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How Not to Promote Soda: Jones' "Golliwog" Ad

How not to promote soda: Create the most racist ad you can think of -- featuring a golliwog, a coolie and a turban-wearing terrorist -- and then insist that it's the audience who doesn't appreciate the joke. That was the astonishing strategy behind a Jones Soda Co. ad by ad agency DDB that the company's CEO has just been forced to apologize for (click to enlarge).

The ad was created for Jones Soda's New Zealand distributor, Foodtrenz, which was to launch the brand Down Under. The ad -- which also inexplicably depicted a gnome and a BDSM gimp -- said:

Before you complain, this advertisement has been APPROVED by five lawyers, a child psychologist, a team of multicultural experts, a disability representative, and a safety regulations specialist.
... It's time to call a spade a spade and get back to being real. ... at Jones Soda we don't really care what anyone else thinks. With eight deliciously inorganic flavours, colours that could only have come from a laboratory and bucket loads of sugar, we're putting the un back into pc.
CEO William Meissner responded with an apology the same day Jezebel broke the story. He painted a tale of bureaucratic mismanagement:
From what we understand at this point, the ad was commissioned by a New Zealand-based food brand distributor that was preparing to distribute our product through another company, but that has no direct ties with Jones Soda Co. In preparation to begin distributing Jones Soda in New Zealand, they reportedly hired the New Zealand advertising agency, DDB New Zealand, to create a launch campaign. This was done without the consent, approval or knowledge of Jones Soda Co., and was completely unauthorized.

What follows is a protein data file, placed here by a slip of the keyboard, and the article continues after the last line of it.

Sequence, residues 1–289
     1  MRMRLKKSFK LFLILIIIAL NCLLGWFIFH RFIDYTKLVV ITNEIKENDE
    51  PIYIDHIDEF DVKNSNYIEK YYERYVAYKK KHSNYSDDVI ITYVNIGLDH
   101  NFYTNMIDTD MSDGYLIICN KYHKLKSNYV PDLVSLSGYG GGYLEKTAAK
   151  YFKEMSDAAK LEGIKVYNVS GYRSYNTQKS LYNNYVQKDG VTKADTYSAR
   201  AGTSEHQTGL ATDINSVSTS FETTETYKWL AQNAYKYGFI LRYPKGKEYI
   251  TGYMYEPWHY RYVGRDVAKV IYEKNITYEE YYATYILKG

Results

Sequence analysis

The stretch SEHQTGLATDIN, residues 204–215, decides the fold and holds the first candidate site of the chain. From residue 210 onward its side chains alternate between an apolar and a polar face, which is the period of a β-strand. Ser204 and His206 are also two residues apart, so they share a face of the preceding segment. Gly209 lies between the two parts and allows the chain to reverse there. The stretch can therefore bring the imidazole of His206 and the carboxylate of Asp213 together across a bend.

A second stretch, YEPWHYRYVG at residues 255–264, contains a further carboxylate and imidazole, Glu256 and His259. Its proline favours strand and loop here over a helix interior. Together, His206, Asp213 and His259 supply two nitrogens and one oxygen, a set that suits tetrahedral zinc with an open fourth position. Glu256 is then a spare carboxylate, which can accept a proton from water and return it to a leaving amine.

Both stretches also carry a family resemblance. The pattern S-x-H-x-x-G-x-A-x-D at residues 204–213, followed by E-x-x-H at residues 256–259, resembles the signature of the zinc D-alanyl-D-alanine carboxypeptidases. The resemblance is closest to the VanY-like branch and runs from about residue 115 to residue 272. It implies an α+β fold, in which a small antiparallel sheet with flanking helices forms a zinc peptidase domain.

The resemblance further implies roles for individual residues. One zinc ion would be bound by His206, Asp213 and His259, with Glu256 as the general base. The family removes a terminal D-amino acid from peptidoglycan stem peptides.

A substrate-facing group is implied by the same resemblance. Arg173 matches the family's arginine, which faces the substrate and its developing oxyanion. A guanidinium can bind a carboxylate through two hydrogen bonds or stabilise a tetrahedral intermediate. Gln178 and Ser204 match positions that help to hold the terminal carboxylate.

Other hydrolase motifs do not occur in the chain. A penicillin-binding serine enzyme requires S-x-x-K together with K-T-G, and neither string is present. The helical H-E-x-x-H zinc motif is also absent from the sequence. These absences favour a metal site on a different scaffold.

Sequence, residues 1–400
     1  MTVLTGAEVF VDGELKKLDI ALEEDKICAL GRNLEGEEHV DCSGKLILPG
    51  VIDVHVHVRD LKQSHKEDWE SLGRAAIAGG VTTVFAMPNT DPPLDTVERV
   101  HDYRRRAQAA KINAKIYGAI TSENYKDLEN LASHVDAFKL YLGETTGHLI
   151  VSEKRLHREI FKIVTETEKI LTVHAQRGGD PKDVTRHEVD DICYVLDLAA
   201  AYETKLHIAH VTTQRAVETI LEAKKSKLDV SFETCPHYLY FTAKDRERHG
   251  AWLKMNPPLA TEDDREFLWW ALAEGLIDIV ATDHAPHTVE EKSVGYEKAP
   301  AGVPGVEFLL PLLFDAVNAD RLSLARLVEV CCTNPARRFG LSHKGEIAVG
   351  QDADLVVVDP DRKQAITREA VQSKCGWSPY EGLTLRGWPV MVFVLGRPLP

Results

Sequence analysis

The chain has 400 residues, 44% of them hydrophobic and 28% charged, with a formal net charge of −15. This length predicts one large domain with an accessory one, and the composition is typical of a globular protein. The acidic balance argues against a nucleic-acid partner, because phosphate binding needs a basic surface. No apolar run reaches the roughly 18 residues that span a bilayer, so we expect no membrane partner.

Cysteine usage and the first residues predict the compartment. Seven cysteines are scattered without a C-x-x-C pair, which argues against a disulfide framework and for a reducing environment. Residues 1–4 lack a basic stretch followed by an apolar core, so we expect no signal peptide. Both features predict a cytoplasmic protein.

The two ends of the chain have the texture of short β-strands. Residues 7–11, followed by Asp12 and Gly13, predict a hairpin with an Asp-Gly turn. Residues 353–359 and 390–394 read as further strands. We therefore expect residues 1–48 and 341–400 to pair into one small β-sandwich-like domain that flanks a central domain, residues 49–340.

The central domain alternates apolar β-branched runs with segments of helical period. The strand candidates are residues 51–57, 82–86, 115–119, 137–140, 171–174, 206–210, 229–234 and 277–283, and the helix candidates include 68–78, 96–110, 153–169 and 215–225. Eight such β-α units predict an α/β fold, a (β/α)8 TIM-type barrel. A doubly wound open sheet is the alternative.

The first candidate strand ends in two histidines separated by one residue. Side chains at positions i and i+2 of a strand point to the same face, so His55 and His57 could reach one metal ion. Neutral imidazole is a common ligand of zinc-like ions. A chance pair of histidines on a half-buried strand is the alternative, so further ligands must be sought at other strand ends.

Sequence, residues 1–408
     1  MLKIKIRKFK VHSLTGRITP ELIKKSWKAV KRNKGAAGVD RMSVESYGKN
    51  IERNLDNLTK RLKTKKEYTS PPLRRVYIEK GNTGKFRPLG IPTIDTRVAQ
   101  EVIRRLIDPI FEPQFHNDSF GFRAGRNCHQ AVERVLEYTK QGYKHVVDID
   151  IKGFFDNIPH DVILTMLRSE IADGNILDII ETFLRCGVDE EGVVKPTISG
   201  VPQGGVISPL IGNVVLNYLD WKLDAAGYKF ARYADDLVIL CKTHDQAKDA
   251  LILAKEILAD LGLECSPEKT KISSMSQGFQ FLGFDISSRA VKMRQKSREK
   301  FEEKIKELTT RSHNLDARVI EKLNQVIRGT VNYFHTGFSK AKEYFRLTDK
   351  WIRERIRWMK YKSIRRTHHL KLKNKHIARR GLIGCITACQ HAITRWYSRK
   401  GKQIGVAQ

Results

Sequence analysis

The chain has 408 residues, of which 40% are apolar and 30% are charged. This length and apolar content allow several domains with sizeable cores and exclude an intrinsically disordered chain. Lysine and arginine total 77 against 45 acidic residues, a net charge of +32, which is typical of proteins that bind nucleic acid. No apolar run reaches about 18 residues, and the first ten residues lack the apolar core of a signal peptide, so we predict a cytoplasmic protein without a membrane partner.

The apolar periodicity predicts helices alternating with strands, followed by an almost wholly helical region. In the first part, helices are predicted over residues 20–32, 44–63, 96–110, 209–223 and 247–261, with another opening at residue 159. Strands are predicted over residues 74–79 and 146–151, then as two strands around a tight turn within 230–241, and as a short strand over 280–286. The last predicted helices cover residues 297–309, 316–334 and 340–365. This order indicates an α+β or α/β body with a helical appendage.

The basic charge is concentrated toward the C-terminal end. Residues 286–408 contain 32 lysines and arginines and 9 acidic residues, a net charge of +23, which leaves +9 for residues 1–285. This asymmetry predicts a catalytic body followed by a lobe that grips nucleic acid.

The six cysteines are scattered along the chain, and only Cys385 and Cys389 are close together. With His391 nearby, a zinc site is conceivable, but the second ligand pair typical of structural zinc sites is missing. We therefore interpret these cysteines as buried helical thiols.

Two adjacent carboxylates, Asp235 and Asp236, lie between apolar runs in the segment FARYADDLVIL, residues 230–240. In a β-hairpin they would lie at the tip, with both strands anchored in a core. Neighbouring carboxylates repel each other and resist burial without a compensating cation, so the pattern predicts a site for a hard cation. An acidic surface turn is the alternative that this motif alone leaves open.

Had we known about this ad, be assured it would never have seen the light of day.
Fair enough. But surely the launch of your entire brand portfolio in a new country -- even one as small as New Zealand -- should have received more corporate oversight?

This isn't a trivial point. In the last couple of years, small foreign markets have been used as testing grounds for controversial ad campaigns with often disastrous results. It was BBH's Brazil branch that forced its client, the Mentos company, to apologize for an ad that insulted fat people and DDB's office in the same country that created an offensive Sept. 11-themed ad for the World Wildlife Fund.

HQ's ought to pay attention to the output of their foreign outposts even if only to stop them from using Hitler or Sept. 11 in their ads, which are both fully developed ad memes outside the U.S.


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